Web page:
Hi Luna, welcome to VENTS! How have you been?

Hello, thank you very much, I’m doing very well! How are you?

Can you talk to us more about your latest single “Power To Change”?

Absolutely. “Power To Change” is essentially a song about the climate emergency, it’s about making your voice heard, knowing that each of us can make a difference, especially when we work together. It was inspired by the recent movement of youth climate strikes as young people all over the world protest for the sake of the planet.

The news is so dark at the moment, sometimes it can feel overwhelming, like there is no point in even trying. At the same time in response to this darkness we see people coming forward and showing tremendous courage and integrity, which is inspiring.

I think the song could equally apply to internal change – which is of course what is really needed if we want to change the world for the better. All the chaos out there is a reflection of the chaos inside us. It is not easy to change oneself, but it is possible.

Did any event in particular inspire you to write this song?

Film maker Hardy D Saleh contacted me about an idea he had for a short film and asked if I would write a song. He filmed the youth climate march in London and afterwards he sent me the audio clips of interviews he had made with the kids about why they were striking.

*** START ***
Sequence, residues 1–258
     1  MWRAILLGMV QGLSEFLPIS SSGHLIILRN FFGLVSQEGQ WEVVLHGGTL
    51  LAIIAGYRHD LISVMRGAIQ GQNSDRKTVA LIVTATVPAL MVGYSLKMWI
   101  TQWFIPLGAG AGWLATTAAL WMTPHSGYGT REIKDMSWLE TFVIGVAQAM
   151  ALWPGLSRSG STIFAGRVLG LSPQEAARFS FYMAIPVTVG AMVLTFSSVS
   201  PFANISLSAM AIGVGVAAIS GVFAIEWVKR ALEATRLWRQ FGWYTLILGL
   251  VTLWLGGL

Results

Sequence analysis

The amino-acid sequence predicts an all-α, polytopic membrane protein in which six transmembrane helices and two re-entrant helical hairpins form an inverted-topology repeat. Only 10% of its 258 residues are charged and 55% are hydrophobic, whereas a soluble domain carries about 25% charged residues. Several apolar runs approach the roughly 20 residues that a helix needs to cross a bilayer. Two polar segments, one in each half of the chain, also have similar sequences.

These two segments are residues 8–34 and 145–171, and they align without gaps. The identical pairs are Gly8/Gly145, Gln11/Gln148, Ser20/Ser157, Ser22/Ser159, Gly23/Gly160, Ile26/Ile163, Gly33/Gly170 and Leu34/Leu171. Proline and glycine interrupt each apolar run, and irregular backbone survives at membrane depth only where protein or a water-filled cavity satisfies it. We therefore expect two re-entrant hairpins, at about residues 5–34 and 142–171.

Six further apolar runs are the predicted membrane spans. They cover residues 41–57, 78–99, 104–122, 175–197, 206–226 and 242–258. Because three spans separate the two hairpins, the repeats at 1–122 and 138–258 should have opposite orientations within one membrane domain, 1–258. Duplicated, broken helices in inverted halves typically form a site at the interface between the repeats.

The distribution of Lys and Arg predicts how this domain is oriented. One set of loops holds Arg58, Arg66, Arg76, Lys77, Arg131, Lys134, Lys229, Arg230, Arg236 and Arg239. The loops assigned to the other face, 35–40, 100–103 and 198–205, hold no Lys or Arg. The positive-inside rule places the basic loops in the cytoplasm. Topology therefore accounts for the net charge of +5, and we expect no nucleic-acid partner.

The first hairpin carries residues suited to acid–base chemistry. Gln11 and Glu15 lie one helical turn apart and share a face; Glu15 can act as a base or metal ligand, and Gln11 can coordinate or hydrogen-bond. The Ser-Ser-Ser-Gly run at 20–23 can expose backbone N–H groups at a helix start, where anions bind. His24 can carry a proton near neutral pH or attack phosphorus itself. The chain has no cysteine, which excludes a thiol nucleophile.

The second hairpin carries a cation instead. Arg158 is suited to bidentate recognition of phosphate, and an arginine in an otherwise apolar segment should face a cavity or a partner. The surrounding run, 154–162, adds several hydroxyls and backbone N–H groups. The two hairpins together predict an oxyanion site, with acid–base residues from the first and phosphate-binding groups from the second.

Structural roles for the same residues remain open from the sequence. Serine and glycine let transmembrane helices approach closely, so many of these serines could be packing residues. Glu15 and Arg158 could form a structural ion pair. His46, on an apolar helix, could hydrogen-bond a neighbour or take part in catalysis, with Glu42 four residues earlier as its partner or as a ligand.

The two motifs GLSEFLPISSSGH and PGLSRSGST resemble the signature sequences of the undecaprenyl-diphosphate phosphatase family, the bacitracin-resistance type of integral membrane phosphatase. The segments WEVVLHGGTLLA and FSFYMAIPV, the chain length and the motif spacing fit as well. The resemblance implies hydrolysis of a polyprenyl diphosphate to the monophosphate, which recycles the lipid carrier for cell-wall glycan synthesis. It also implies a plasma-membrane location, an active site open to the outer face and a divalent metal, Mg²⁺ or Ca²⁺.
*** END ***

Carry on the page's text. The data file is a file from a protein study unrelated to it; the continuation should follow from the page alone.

The song arose as I listened to them speak, I was so moved and inspired by their passion and wisdom and vitality. I thought, if this is the next generation, maybe we will be alright after all. And yet, we must act now or it will be too late. Unfortunately there are a number of people in extremely powerful leadership positions around the world who simply are not getting this message – or are choosing to ignore it because it doesn’t suit their agenda.

How was the filming process and experience behind the video?

Hardy filmed the march on a Super 8 camera, for a competition called “Straight 8.” The competition requires that you do not get to see the footage before you send it in along with your soundtrack. Since the song was written to fit the film, there was a lot of guesswork involved. Hardy made some notes about timings but, they were not precise, we just had to hope for the best.

One of the cool aspects of this is that some moments of the song and the video end up fitting together by chance, I think this is something we both enjoy about the creative process, these magical accidents that bring out elements of your own work.

How was the recording and writing process?

I have been working with a great musician and producer Peter Lyons. We had already recorded a few songs together, so I called him and asked if he would come on board. As I said the idea for the song came to me quite quickly as I listened to the young people talking about why they were marching. The deadline was that weekend so we booked a day in the studio and put it together.

The short timeframe seemed fitting given the nature of the material. I had to make arrangement decisions swiftly, which is actually good for me as it short circuits my perfectionist brain! I was really glad I could use the Rhodes piano, it was an instrument Pete had recently acquired and its tone matched perfectly with the nostalgic vibe of the song.

How has your theatre background influenced your writing?